Satapatha-Brâhmana, Part 107


A serial presentation of the Satapatha Brahmana, translated by Julius Eggeling in 1882.

Second Kânda - The Agnyâdhâna, The Agnihotra, The Pindapitriyagña, The Âgrayaneshti, And The Kâturmâsyâni


2:6:1:1 - 1. Verily, by means of the Great Oblation the gods slew Vritra, and gained that supreme authority which they now wield. And by means of the sacrifice to the fathers they then recalled to life those of them that had been slain in this battle; and they, indeed, were the fathers: hence the name Pitriyagña 1 (sacrifice to the Manes).

2:6:1:2 - 2. Now the spring, the summer, and the rainy season,--they are those who vanquished (Vritra); and the autumn, the winter, and the dewy season,--they are those whom they (the gods) recalled to life 2.

2:6:1:3 - 3. Now when he performs that sacrifice, he does so, hoping that thus they (the Asuras) will not slay any of his, or because the gods did so (perform it). Moreover he thereby offers to those (fathers) the share which the gods assigned to them; and thus he gratifies those whom the gods recalled to life, and leads his own fathers up to a better world; and whatever injury or loss he suffers through his own unrighteous conduct (or wrong sacrificial performance) 3 that is thereby made good to him: that is why he performs this sacrifice (to the fathers).

2:6:1:4 - 4. He offers a cake on six potsherds to the Pitarah Somavantah, or to Soma Pitrimat 1. Six doubtless are the seasons, and the fathers are the seasons: hence it is one of six potsherds.

2:6:1:5 - 5. Thereupon they parch barley-grain on the Anvâhâryapakana (or Dakshinâgni) for the Pitaro Barhishadah 2. They then grind one half of it; and (the other) half remains thus unground,--this is the parched grain for the Barhis-seated fathers.

2:6:1:6 - 6. Then a porridge is (prepared) for the Pitaro 'gnishvâttâh 3 (by the ground half of the parched grain) being mixed with the milk of a cow suckling an adopted calf, by stirring it once with a single splinter. It is indeed once for all that the fathers have departed, and hence is stirred but once. These are the oblations.

2:6:1:7 - 7. Now those (fathers) who have sacrificed with Soma are the Pitarah Somavantah; and those who gain the world (of the gods) by means of cooked (sacrificial food) offered by them are the Pitaro Barhishadah; and they who (have offered) neither the one nor the other, and whom Agni consumes by burning, they are the Pitaro 'gnishvâttâh. These, then, are the fathers 4.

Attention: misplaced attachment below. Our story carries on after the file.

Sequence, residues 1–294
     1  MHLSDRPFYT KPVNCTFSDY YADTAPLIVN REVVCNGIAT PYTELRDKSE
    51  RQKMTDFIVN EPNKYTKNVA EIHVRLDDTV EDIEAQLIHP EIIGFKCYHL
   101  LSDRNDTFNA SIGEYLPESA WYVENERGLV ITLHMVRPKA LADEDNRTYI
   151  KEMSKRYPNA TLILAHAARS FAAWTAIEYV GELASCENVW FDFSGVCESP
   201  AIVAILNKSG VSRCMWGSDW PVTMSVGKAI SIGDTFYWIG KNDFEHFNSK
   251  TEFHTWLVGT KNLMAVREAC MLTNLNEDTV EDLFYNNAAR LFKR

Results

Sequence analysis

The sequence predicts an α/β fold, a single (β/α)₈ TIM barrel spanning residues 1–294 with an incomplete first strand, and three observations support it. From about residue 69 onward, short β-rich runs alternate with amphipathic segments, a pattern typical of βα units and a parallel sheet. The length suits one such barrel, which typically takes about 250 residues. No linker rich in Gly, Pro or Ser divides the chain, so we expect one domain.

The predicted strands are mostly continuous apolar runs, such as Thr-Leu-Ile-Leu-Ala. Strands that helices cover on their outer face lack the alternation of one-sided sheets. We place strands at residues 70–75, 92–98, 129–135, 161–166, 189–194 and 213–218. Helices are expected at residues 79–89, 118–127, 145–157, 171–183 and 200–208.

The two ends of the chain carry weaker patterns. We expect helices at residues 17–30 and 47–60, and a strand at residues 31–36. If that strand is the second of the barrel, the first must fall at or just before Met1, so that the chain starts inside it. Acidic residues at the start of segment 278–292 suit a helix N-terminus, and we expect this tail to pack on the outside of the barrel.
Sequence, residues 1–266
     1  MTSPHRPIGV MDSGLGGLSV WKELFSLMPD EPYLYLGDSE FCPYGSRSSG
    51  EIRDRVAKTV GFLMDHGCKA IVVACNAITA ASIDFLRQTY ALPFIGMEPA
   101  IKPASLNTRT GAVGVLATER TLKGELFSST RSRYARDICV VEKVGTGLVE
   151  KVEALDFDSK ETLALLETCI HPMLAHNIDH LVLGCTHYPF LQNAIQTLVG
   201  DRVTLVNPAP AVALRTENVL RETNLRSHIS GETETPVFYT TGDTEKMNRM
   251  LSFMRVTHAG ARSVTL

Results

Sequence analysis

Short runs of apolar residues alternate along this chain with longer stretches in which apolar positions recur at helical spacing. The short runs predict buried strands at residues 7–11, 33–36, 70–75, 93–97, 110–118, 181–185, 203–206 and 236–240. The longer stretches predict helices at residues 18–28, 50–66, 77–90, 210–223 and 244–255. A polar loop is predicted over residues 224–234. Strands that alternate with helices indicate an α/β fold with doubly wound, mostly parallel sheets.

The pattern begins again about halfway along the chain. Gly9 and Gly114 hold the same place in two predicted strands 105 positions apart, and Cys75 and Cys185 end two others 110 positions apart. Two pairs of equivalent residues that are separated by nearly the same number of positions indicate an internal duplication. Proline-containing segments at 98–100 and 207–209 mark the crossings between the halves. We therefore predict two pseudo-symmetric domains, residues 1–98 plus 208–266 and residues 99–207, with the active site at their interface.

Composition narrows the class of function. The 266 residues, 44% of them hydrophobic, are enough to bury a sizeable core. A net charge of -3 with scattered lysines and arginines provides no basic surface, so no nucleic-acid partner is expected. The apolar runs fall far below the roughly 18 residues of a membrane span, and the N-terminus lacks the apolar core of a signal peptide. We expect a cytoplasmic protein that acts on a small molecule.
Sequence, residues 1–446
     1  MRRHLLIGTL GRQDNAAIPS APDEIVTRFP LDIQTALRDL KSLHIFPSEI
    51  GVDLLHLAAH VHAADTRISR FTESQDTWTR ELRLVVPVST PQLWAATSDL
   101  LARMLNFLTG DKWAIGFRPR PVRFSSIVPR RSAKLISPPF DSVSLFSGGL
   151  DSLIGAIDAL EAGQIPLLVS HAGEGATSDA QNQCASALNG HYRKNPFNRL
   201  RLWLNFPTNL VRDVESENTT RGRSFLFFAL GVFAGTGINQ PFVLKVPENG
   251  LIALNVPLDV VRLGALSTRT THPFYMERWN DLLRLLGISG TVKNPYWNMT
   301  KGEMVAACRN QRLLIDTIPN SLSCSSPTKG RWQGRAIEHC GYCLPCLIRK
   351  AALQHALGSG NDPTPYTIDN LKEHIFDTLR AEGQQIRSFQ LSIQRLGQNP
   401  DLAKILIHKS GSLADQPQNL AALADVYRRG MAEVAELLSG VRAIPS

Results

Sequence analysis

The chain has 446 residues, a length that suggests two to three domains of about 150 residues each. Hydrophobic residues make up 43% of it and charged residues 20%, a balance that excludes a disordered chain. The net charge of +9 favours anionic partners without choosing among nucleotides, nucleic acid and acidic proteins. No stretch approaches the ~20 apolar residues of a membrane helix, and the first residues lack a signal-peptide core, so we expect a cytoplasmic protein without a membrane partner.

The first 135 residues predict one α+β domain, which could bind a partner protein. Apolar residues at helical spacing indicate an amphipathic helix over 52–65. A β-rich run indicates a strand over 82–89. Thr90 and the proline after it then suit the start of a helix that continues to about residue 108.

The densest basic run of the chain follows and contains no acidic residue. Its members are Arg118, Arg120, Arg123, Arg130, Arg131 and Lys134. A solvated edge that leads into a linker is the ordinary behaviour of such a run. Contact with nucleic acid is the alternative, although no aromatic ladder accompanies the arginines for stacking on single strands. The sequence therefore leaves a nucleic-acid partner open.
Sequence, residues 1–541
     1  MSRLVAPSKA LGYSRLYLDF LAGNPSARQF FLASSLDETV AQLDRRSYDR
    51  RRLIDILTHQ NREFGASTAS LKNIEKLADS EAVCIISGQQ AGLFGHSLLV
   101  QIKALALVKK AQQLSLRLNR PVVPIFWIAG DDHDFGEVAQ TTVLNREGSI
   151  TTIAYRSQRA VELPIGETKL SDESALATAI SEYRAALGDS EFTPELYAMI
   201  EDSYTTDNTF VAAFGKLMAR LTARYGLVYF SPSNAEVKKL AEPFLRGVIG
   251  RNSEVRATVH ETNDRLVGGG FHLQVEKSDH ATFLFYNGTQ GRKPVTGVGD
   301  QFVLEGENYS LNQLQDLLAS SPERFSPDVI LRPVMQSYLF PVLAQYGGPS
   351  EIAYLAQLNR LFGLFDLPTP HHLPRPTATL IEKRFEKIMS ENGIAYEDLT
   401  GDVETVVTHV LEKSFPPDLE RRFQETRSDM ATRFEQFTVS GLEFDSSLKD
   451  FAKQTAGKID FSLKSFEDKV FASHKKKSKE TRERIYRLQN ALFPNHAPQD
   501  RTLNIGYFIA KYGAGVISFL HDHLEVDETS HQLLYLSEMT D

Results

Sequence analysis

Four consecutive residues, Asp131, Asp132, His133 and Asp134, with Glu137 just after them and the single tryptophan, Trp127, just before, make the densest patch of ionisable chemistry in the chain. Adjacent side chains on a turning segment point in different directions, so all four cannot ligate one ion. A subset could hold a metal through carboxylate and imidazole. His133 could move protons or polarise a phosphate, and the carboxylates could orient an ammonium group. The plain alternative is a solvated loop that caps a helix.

2:6:1:8 - 8. He takes out [the rice for] that cake of six potsherds, while seated behind the Gârhapatya, and looking southwards, with the sacrificial cord over his right shoulder. From thence he rises and threshes (the rice), while standing north of the Dakshina-fire, with his face towards the south. He cleans it but once 1; since it is once for all that the fathers have departed.

2:6:1:9 - 9. He places the two mill-stones on (the black antelope skin, so as to be inclined) towards the south 2; and puts the six potsherds on the south part of the Gârhapatya hearth. The reason why they keep the southern direction is because that is the region of the fathers: this is why they keep the southern direction.

2:6:1:10 - 10. Thereupon he raises a square altar south of the Dakshinâgni 3. He makes the corners point towards the intermediate quarters. There are doubtless four intermediate quarters, and the fathers are the intermediate quarters: this is why he makes the corners point towards the intermediate quarters.

2:6:1:11 - 11. In the centre of this (altar) he lays down the fire. From the east, indeed, the gods came westwards to the men: hence one offers to them while standing with his face towards the east. On all sides are the fathers, for the fathers are the intermediate regions, and the intermediate regions are indeed on all sides: this is why he lays down the fire in the centre.